Allegorical paintings by Master Batoni: Apollo and Two Muses and Allegory of Architecture, Painting and Sculpture, both studio replicas, occupied a relevant position in the Wilanów collections. Emphasis was placed on their high artistic quality and, as a rule, the canvases were displayed together. Batoni’s original works, today in private collections in Turin, were executed for Francesco Conti of Lucca, one of the painter’s patrons. First, the artist executed Allegory… (prior to 8 May 1740) and completed Apollo and Two Muses in January 1741. In about 1820 they were purchased from Conti’s heirs by Jean Paul Meuron and were inherited within his family until 1942. Subsequently, they belonged to Count Palermo Spada di Lavina of Turin, and in 1961 once again changed hands. From the very onset, the two compositions had numerous enthusiasts and were copied upon numerous occasions, while copies executed in the Batoni atelier were treated as the painter’s original works. They are to be found in assorted European collections, i.a. the Louvre.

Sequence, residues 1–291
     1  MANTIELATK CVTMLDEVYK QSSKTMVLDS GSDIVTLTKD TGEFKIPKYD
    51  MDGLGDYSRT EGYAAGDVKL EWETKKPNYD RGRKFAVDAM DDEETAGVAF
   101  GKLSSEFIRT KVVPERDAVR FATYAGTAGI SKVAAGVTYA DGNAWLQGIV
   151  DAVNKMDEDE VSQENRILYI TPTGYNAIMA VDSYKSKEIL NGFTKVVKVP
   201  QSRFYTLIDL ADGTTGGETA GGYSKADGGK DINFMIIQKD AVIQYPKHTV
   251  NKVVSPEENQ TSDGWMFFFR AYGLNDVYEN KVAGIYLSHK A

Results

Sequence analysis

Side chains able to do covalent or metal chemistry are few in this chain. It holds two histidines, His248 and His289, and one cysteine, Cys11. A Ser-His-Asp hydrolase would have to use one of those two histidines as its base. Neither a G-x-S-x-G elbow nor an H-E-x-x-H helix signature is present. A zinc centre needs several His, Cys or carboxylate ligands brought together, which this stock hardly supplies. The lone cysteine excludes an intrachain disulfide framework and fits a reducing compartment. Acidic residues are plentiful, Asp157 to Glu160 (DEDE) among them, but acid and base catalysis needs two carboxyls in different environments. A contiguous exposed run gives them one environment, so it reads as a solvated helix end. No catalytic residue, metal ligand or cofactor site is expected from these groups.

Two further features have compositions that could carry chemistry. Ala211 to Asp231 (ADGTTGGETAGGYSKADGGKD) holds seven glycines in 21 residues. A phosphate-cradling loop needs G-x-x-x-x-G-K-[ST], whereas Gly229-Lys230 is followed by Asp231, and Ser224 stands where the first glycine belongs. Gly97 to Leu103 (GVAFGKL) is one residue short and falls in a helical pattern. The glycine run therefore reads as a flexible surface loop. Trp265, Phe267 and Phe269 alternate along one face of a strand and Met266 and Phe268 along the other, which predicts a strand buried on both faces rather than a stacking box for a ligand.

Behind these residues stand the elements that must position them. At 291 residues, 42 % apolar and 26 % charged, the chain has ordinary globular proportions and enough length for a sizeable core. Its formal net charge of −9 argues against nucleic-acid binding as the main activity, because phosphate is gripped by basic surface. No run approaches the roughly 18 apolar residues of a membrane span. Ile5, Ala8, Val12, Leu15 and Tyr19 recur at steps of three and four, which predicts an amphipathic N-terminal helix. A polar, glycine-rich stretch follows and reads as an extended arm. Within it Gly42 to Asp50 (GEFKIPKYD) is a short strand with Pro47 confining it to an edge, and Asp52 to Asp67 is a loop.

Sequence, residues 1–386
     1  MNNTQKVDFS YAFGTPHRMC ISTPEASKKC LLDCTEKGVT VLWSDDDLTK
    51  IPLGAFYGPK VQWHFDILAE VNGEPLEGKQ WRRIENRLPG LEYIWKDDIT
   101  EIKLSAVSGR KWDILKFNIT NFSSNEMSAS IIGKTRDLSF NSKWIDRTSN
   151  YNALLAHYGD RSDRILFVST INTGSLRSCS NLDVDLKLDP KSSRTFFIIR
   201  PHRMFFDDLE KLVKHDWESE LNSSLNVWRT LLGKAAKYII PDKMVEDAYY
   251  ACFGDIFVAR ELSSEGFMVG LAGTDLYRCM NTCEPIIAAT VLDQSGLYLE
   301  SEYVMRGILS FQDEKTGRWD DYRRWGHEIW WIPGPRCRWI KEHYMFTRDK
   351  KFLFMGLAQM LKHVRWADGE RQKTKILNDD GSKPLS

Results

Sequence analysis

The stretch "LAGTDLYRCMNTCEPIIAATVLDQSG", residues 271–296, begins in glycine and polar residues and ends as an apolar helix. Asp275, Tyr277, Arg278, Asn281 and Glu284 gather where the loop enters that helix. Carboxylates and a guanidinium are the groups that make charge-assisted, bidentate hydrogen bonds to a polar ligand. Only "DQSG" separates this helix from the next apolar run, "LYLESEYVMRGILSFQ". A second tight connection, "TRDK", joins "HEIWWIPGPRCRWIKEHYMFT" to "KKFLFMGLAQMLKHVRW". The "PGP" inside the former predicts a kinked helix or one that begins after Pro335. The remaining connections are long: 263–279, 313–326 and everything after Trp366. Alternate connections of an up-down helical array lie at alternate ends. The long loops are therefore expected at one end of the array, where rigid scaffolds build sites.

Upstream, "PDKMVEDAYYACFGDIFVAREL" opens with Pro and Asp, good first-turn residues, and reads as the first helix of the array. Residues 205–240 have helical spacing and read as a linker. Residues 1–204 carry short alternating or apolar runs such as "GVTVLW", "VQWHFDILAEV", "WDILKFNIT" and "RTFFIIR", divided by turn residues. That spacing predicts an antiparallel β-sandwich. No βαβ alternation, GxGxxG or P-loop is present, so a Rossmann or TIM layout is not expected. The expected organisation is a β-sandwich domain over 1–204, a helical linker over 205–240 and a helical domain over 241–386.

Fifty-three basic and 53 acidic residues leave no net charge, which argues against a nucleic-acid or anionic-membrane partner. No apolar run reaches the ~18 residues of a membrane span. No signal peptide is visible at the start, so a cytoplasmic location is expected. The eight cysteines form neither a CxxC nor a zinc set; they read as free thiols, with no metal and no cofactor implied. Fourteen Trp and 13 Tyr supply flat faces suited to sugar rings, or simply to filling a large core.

The exceptional popularity of the two canvases stemmed not only from their artistic value, but from the inspiring themes and conveyed iconographic contents. Allegory… contains references to Iconology by Cesare Ripa, universally familiar to eighteenth-century art connoisseurs, as confirmed by drawings from the Batoni sketchbook. Another model emulated by Batoni was an engraving by Fontenelle from 1725, executed after a drawing by Bernard Picart and based on a composition by Hiacynthe Rigaud. Deciphering the philosophical and aesthetic ideas contained in these unusual paintings and discovering their sources calls for further research. It is quite likely that the two works comprised an iconographic whole, probably a depiction of the fine arts, whose rank was regarded as equal to that of the liberal arts. Apparently, Apollo is shown as the symbol of ideal divine music - the harmony of the celestial spheres, while the Muses gazing at him -– Euterpe and Urania – personify music and astronomy, whose supplement in the second, lost canvas are the personifications of Architecture, Painting and Sculpture.